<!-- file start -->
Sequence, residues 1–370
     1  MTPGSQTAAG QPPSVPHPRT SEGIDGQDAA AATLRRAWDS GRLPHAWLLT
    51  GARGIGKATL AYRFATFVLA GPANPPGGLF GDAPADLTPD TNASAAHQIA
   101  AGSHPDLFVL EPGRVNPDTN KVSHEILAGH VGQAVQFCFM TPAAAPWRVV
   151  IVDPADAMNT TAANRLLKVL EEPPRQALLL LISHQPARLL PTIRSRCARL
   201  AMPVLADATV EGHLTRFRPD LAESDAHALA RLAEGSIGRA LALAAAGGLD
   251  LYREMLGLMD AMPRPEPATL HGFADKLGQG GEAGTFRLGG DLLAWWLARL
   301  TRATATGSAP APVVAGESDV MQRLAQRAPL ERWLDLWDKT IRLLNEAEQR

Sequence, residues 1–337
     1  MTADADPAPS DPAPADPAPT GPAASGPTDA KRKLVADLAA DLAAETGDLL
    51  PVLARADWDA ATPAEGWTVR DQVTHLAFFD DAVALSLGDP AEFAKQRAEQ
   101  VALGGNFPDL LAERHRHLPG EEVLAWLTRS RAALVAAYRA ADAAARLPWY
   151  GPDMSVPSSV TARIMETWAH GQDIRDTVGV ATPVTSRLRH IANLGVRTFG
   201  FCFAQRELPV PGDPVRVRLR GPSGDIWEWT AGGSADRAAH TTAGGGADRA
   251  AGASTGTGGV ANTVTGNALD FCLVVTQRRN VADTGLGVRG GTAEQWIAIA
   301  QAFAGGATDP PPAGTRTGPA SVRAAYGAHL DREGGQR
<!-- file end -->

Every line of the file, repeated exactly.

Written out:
Sequence, residues 1–370
     1  MTPGSQTAAG QPPSVPHPRT SEGIDGQDAA AATLRRAWDS GRLPHAWLLT
    51  GARGIGKATL AYRFATFVLA GPANPPGGLF GDAPADLTPD TNASAAHQIA
   101  AGSHPDLFVL EPGRVNPDTN KVSHEILAGH VGQAVQFCFM TPAAAPWRVV
   151  IVDPADAMNT TAANRLLKVL EEPPRQALLL LISHQPARLL PTIRSRCARL
   201  AMPVLADATV EGHLTRFRPD LAESDAHALA RLAEGSIGRA LALAAAGGLD
   251  LYREMLGLMD AMPRPEPATL HGFADKLGQG GEAGTFRLGG DLLAWWLARL
   301  TRATATGSAP APVVAGESDV MQRLAQRAPL ERWLDLWDKT IRLLNEAEQR

Sequence, residues 1–337
     1  MTADADPAPS DPAPADPAPT GPAASGPTDA KRKLVADLAA DLAAETGDLL
    51  PVLARADWDA ATPAEGWTVR DQVTHLAFFD DAVALSLGDP AEFAKQRAEQ
   101  VALGGNFPDL LAERHRHLPG EEVLAWLTRS RAALVAAYRA ADAAARLPWY
   151  GPDMSVPSSV TARIMETWAH GQDIRDTVGV ATPVTSRLRH IANLGVRTFG
   201  FCFAQRELPV PGDPVRVRLR GPSGDIWEWT AGGSADRAAH TTAGGGADRA
   251  AGASTGTGGV ANTVTGNALD FCLVVTQRRN VADTGLGVRG GTAEQWIAIA
   301  QAFAGGATDP PPAGTRTGPA SVRAAYGAHL DREGGQR